It’s officially the brief brief season of the pumpkin. It’s not that pumpkins don’t last very long, (quite the opposite, really), it’s just that we usually don’t think of them much except for one week or so at the end of Halloween.
That said, the pumpkin enjoys a unique place in our culture. Nobody puts out radish rosettes on their front porch to celebrate Easter. Or green bean wreathes on their door for the Fourth of July. The pumpkin is one of the only vegetables that is grown in greater quantities for decoration than consumption.
The history of using pumpkins – and other vegetables – as celebratory lanterns goes far back to ancient Ireland. Legend has it that an Irishman named Jack was having a drink with the devil, and, being too cheap to pay for the drinks himself, conned the devil to turn himself into a coin. The coin went into Jack’s pocket next to a silver cross, which kept the devil from returning to his original form. When Jack finally freed him, he again conned the devil into climbing a tall tree to pick some fruit. (Apparently the devil is more gullible than we’ve been led to believe.) This time Jack carved a cross in the tree trunk so that the devil could not descend.
And then Jack died. Bad move.
God wasn’t happy with Jack’s close companionship with the devil, and the devil wasn’t thrilled by being Jack’s two-time patsy. So, denied entrance to both heaven and hell, Jack is forced to wander around earth with only a burning ember straight from hell to light his way. Embers are hot – especially ones from hell – so Jack carved a lantern out of a turnip in which to place the burning coal.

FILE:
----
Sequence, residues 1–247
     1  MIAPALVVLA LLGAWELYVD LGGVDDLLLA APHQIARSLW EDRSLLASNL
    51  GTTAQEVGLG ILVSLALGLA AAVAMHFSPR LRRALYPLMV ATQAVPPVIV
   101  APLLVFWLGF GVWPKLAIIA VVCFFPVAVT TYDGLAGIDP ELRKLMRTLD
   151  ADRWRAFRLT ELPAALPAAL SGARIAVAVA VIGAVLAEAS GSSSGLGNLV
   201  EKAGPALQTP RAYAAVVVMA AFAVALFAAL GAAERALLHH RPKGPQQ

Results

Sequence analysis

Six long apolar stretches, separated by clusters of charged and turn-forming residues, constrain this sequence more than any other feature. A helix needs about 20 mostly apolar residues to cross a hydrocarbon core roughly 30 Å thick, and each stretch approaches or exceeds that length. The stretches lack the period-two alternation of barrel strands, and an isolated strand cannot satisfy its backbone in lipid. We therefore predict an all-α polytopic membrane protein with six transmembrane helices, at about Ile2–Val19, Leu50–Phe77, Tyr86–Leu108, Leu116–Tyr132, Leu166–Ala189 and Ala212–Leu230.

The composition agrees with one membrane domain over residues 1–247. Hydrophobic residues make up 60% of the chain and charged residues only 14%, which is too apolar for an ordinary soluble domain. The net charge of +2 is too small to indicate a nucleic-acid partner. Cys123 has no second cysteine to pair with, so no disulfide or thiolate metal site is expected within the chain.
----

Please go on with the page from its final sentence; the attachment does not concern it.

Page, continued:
And thus a tradition was born. The English still use oversized beets for their Jack-O-Lanterns, but immigrants to America soon migrated to the pumpkin. Most likely this was due to its ready availability, having been cultivated by Native Americans for centuries. It’s unclear where and when the practice of carving scary faces to make the lanterns began.
The Beekmans, who probably did not know of Halloween, more likely celebrated the harvest with a Fall Festival. And it’s doubtful they carved vegetable lanterns – the winter is too long to waste a perfectly good squash. But we’re feeling lucky with our larder, so we’ll take the risk of carving one.
We’ll make ours a more traditional lantern than the Jack-O-Lantern. Since a Jack-O-Lantern is at heart a light source, years ago we developed a carving tradition that made best use of light and shadows. By carving small, simple, perfect circles in our pumpkin, we get a light show in a dark corner that is truly spooky. Remember, ghosts are rumored to show up as “orbs of light” on film. We create a whole army of them.
To create out lantern, first we lop off the bottom of the pumpkin.
Hollowing from the bottom keeps the top intact and prettier. Then we scoop out the “guts” and seeds the old fashioned way – with our hands, occasionally using a large spoon to scrape any stubborn strings from the sides. (Save the seeds. We’ll use them later this week for a pumpkin risotto.)
We’ve occasionally seen our “polka dot” style taught in magazines and TV shows, but we have a secret tip most of them don’t use. Most of them recommend using a drill to create the circles. We tried that once. What a mess of whirling, flying, pumpkin shavings.
To created the holes, instead of a drill we use this apple corer. Quick. Easy. Perfect circles with no gloppy mess:
We’re sure to position plenty of holes around the top of the pumpkin near the stem end so that the candle heat has a place to escape.
Once finished carving holes, we stand our candle on the bottom “lid” and place the pumpkin over it. We recommend a nice corner perch so that the circles of light can dance and play over the walls and ceiling.
We’re not likely to make any deals with the devil any time soon. But if we do, at least we’ll have a stylish lantern to roam through your backyard.
Please post your pumpkin (or turnip) lanterns in the comment section below. We’d love to share the scare.